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Details & Cataloguing

Bowie/Collector – Part I: Modern and Contemporary Art, Evening Auction

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London

Kenneth Armitage, R.A.
1916-2002
FIGURE LYING ON ITS SIDE (VERSION 3)
bronze
length: 79cm.; 31in.
Conceived in 1957, the present work is from the edition of 6.
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Provenance

Kunstnernes Kunsthandel, Copenhagen, where acquired by the previous owner, 1962
Acquired by David Bowie in 1994

Literature

Tamsyn Woollcombe (ed.), Kenneth Armitage Life and Work, The Henry Moore Foundation in association with Lund Humphries, London, 1997, cat. no.KA65, p.144 (another cast).

Catalogue Note

Like many artists of his generation, Kenneth Armitage’s early career was interrupted by the Second World War, during which he served in the Royal Artillery spotting enemy aircraft, an experience which was to deeply influence his work. The war created a powerful backdrop for Armitage and his contemporaries and in 1952 he represented Britain at the Venice Biennale along with William Turnbull, Eduardo Paolozzi, Bernard Meadows and Reg Butler, among others. The resulting works presented a striking, highly-charged selection of British sculpture, prompting Herbert Read to coin the term the ‘Geometry of Fear’ to describe them. The Biennale exhibition made Armitage an international star, and he sold almost every work, with pieces acquired by Peggy Guggenheim and the Museum of Modern Art in New York, among others. 

The present work is the third of five versions of Figure Lying on its Side that Armitage created in the late 1950s. His concern with these works was to take sculpture out of the domestic or gallery setting and instead anchor the form to the physical space, to give it a grounding in reality. And this is what Armitage does, both physically and metaphorically: the present work is one which seems to speak all too clearly of the fragility of the figure following the Second World War, one whose recovery was overshadowed by the looming Cold War. There is a brittle strength to the figure, its body a shield-like mass from which elongated limbs protrude, ‘reduced almost to sticks’ (the Artist, quoted in Tamsyn Woollcombe (ed.), Kenneth Armitage Life and Work, The Henry Moore Foundation in association with Lund Humphries, London, 1997, p.44). The surface of the bronze is scored and pitted, further evidence of the figure worn down by a hostile world, yet its stance and survival also tells of tenacity.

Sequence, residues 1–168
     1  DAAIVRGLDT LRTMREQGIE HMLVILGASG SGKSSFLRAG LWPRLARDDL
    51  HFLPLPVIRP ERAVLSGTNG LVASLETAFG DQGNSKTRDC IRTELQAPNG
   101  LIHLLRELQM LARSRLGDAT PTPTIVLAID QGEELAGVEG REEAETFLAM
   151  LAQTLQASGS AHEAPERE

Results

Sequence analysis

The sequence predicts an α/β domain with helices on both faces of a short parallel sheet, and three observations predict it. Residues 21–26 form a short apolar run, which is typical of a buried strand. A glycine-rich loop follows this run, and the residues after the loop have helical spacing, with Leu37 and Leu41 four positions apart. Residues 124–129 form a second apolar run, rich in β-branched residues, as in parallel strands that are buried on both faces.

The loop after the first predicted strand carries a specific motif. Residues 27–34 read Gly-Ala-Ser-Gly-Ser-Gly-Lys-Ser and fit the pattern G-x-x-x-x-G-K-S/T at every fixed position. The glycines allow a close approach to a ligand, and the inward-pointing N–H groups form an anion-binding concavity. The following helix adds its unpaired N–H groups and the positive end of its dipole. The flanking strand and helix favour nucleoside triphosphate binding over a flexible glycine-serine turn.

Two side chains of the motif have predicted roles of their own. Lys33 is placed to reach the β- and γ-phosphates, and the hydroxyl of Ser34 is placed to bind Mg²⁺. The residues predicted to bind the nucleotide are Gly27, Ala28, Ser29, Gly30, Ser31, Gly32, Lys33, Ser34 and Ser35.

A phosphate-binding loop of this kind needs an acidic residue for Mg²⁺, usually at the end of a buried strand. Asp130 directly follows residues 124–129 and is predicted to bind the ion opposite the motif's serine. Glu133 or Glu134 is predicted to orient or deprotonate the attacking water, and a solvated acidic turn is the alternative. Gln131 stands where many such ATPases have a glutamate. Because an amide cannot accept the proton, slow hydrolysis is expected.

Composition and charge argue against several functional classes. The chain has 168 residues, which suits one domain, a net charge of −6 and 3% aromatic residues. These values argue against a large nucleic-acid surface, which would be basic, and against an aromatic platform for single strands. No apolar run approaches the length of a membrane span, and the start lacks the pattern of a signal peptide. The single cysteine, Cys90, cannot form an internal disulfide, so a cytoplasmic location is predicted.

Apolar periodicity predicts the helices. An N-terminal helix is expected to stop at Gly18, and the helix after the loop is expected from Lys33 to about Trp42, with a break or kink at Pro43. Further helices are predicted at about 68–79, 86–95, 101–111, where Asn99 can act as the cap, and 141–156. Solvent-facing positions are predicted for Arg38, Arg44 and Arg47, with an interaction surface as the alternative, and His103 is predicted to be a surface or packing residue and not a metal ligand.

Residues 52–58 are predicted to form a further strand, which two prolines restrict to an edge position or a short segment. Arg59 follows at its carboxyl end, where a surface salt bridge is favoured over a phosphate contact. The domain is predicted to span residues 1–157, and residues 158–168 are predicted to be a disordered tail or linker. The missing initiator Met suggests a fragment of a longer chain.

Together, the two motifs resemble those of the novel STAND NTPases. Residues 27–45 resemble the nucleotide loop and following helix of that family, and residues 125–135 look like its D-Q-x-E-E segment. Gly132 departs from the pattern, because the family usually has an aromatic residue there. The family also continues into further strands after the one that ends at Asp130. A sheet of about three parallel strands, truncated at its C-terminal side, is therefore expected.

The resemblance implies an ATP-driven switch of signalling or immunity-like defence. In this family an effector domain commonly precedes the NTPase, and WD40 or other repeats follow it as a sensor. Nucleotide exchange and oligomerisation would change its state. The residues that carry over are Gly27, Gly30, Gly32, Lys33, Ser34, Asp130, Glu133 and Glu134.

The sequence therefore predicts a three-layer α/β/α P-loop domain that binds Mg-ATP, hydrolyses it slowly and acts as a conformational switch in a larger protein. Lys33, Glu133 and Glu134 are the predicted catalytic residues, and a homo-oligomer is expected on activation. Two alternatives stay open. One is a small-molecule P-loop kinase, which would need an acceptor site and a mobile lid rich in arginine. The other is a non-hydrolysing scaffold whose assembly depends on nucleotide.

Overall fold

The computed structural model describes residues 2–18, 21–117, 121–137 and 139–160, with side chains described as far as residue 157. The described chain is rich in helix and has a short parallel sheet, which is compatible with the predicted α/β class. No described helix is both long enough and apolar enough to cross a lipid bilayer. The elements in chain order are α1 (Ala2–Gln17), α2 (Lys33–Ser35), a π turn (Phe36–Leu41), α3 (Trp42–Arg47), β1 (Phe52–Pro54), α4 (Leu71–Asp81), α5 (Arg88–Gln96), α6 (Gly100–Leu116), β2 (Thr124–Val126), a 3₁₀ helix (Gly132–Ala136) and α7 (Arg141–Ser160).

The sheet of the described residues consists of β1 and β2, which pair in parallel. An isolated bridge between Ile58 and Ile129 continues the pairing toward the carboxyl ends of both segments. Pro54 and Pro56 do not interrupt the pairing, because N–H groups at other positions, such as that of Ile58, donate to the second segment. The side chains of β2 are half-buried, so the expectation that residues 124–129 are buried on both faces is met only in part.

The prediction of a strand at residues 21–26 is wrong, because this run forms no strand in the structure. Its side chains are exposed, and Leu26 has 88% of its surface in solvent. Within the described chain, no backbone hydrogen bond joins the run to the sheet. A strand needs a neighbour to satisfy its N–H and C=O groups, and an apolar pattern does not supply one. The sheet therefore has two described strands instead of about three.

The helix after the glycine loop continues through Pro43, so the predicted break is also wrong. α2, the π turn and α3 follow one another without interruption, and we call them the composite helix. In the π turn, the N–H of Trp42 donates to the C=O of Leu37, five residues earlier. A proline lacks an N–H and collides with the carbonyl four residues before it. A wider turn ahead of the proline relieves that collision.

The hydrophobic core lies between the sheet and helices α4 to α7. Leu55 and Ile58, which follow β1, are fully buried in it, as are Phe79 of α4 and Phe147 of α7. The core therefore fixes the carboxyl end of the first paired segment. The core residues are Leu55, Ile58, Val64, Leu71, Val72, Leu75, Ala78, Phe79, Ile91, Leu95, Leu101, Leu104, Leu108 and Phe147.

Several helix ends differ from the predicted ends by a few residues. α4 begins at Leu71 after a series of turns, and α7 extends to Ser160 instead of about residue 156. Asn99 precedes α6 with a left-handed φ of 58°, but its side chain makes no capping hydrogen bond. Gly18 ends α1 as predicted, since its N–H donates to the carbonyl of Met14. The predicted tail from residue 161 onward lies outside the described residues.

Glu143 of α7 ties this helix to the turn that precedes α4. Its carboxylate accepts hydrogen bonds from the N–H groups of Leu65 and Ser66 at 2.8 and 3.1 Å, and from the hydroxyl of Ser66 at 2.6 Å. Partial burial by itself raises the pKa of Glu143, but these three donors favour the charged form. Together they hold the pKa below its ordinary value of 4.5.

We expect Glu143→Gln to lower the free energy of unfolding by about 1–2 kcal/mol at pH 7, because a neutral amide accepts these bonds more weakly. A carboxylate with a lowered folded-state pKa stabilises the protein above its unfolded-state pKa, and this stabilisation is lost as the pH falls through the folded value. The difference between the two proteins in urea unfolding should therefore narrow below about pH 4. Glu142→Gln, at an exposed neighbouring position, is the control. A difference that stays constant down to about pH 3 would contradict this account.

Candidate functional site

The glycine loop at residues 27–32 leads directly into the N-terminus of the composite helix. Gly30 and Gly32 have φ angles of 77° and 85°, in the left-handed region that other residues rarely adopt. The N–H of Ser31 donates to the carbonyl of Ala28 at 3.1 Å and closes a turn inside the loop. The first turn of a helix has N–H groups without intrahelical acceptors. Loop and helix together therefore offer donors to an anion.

Armitage was invited to represent Britain again at Venice in 1958, this time as the only sculptor. This established him as one of the most significant voices in post-war European sculpture, as did his inclusion in seminal surveys of European and American figurative art at the Museum of Modern Art in New York in the late 50s, shows such as The New Decade - 22 European Painters and Sculptors and New Images of Man, where his work was shown alongside – and, importantly, equal to – that of Richier and Giacometti. In Figure Lying on its Side (Version 3) we can see that powerful and unique vision of Armitage’s which both caught the attention of the international art world and captured the spirit of the times so perceptively.

Bowie/Collector – Part I: Modern and Contemporary Art, Evening Auction

|
London